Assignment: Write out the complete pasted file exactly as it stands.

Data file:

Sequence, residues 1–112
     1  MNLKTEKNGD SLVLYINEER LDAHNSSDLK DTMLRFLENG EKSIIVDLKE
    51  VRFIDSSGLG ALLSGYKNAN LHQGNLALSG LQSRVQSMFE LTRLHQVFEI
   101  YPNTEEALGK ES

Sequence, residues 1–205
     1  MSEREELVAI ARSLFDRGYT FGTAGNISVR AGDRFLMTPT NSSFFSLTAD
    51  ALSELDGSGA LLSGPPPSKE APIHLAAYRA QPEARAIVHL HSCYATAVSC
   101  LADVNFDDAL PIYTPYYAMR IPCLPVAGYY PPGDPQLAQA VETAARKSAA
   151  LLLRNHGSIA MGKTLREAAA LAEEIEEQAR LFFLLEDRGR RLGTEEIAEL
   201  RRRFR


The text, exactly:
Sequence, residues 1–112
     1  MNLKTEKNGD SLVLYINEER LDAHNSSDLK DTMLRFLENG EKSIIVDLKE
    51  VRFIDSSGLG ALLSGYKNAN LHQGNLALSG LQSRVQSMFE LTRLHQVFEI
   101  YPNTEEALGK ES

Sequence, residues 1–205
     1  MSEREELVAI ARSLFDRGYT FGTAGNISVR AGDRFLMTPT NSSFFSLTAD
    51  ALSELDGSGA LLSGPPPSKE APIHLAAYRA QPEARAIVHL HSCYATAVSC
   101  LADVNFDDAL PIYTPYYAMR IPCLPVAGYY PPGDPQLAQA VETAARKSAA
   151  LLLRNHGSIA MGKTLREAAA LAEEIEEQAR LFFLLEDRGR RLGTEEIAEL
   201  RRRFR